Being bookish, number-smart, introverted and kuripot are the primary qualities of an accountancy student—or so they say. Thanks to the University of Santo Tomas (UST) Accountancy Student Council, such stereotyping may no longer apply.
LiterARTura 2017, the first-ever art and literary workshop in the UST-Alfredo M. Velayo College of Accountancy (UST-AMV), was held for accounting students to prove that they are just as capable and skilled in other disciplines.
LiterARTura offered a day of alternative classes in painting, illustration, spoken poetry, photography, public speaking and videography. It was part of the two-day celebration of the UST-AMV’s 13th founding anniversary.
For the workshops, experts were invited to mentor the students. They were Blew David (painting), Kim Baylon (illustration), Leandro Reyes (spoken poetry), Mark Angelo Roma (public speaking), Renz Ann Caguitla (photography) and Julius Renomeron Jr. (videography).
It was truly an out-of-the-box experience for students, as this kind of event inspires growth and learning outside the four walls of a classroom.
After dominating the 2017 Certified Public Accountant Licensure Exams with seven students in the top 10 (including first placer Alfonso Solomon Ramos Magno), the UST-AMV revealed another facet of its students.
“LiterARTura provided an avenue for students to find that talent, and a medium where they can hone that talent into something bigger,” says Mark Israel Marasigan, president, UST Accountancy Student Council. “Other than through academics, there will always be literature and the arts to help find the value and meaning of life in its deeper state, to help young people become braver and bolder.”
“It was LiterARTura’s aim from the start to give students an outlet to release academic stress, and an avenue not just to learn something new from their accounting subjects, but also to develop their thoughts, skills, imagination and ideas, to show that AMVians are really more than just about numbers,” adds Leeyann Gamez, assistant secretary, UST Accountancy Student Council.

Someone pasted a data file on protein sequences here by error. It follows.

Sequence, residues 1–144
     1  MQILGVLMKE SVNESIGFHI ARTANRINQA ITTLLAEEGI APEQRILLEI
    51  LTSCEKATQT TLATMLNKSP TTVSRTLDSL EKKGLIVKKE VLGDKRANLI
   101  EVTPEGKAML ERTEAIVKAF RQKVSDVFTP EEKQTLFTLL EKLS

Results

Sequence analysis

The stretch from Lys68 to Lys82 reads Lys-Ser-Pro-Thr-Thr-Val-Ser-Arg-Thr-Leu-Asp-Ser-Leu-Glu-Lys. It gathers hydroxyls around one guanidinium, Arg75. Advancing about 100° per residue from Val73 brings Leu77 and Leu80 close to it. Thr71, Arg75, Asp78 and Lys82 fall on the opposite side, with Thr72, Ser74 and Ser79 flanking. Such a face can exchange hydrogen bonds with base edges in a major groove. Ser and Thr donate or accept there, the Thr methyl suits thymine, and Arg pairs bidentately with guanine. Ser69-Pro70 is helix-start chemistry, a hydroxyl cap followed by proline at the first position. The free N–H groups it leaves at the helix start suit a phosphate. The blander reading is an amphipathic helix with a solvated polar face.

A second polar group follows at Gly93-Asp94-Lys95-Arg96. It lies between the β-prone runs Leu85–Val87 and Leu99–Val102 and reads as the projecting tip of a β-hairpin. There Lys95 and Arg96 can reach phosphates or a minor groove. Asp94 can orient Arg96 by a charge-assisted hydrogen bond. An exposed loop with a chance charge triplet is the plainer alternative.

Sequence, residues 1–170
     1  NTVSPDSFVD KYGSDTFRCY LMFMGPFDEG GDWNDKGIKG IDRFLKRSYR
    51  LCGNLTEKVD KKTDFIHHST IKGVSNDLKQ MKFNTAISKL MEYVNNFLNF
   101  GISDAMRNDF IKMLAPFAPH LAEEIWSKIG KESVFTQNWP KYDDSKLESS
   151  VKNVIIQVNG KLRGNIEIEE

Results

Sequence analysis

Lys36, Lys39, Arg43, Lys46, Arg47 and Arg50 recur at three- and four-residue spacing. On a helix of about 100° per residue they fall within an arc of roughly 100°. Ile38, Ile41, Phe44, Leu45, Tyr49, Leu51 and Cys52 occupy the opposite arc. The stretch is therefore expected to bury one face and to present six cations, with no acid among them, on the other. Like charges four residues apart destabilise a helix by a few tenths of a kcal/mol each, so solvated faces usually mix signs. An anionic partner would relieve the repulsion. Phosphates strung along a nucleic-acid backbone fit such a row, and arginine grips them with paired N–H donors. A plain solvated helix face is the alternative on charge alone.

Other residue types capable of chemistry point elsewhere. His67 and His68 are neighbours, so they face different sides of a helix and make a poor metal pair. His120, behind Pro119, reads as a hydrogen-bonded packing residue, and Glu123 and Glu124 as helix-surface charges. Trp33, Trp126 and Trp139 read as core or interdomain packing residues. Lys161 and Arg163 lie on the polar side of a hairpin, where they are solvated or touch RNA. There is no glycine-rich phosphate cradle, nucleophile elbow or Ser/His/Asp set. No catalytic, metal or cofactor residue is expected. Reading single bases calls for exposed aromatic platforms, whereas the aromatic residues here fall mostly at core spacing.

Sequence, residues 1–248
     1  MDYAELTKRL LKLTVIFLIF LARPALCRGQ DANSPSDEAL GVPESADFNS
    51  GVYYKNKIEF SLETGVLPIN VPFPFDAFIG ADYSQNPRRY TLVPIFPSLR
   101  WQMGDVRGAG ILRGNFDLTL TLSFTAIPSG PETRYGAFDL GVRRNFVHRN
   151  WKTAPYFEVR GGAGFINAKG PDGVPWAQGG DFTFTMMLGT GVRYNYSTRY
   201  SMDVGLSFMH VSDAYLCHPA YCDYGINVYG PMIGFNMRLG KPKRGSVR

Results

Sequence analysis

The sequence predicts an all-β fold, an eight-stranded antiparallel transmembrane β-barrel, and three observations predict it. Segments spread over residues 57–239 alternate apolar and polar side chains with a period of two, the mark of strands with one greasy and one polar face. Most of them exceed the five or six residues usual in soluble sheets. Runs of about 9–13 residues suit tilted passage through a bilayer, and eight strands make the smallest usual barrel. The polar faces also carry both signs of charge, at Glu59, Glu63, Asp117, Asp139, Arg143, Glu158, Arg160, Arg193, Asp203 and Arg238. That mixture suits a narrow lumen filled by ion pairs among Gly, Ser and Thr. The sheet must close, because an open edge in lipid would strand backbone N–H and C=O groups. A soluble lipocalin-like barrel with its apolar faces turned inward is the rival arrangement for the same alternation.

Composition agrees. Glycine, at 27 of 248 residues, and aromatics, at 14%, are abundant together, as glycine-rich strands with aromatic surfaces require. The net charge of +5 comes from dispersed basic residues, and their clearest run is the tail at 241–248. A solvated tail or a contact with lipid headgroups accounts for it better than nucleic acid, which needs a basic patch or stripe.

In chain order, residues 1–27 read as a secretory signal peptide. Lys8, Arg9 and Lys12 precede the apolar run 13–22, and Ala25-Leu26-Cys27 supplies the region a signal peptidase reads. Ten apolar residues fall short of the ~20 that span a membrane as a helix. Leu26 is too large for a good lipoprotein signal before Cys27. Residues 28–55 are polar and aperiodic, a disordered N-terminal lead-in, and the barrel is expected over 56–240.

Tool for expression
“I believe that art is a powerful tool for expression,” says Lorenzo Sibug, third year student and spoken poetry participant. “It can turn something negative into something beautiful. We can pour our hearts out and showcase our skills and talents for a higher purpose of conveying a message to the world.”
For Dwight Karlo Bleza, third year student and aspiring photographer, LiterARTura served as “my moment to enhance and express myself, especially through my photographs. Everyone has their own way of seeing things differently, and I think that’s the best thing about photography.”
For AMV students who regularly occupy a landscape filled with calculators, balance sheets, and a mountain of numbers, any contact with the arts is a chance to look at different facets of life, notes Tito Quiling Jr., UST Literature and Humanities professor. “Engaging in various forms of art also helps in paying close attention to detail, and looking at patterns in another light. This could help in creating a sense of balance between logic and romance, knowing when to be serious and when to be tender.
“For those who have participated in this year’s LiterARTura, the event allows one to view people not just as mere statistics, and realize that individual lives are more than just numbers. Our stories, in any art form that they are rendered, become records of our time.”
“When you think about it, accountants are no different from storytellers and poets,” says UST-AMV College of Accountancy faculty member Fermin Antonio Yabut. “We also tell stories of entities and organizations, a continuing biography of sorts. What is accounting but the art of counting, naming and telling stories more than numbers?”
The declining appreciation for arts and literature today benefits from such creative events. Despite the time constraints of having it all happen in just a day or less, the event delivered enough creative juices for everyone, especially students who focused on something unrelated to accounting quizzes. This time, they adjusted the verses of their poems, balanced their emotions, and made themselves heard through their art.
Before any titles and labels are attached to our names, we are, first and foremost, human beings who feed on our mistakes, dreams, heartbreaks and twisted stories of love. And it is through arts and literature that we endure and express them.
Here’s hoping that this is not the last of LiterARTura. The UST Accountancy Student Council started big, and has raised the bar for upcoming college week celebrations. This was a rare chance to set accounting books aside and prove to be #morethannumbers.
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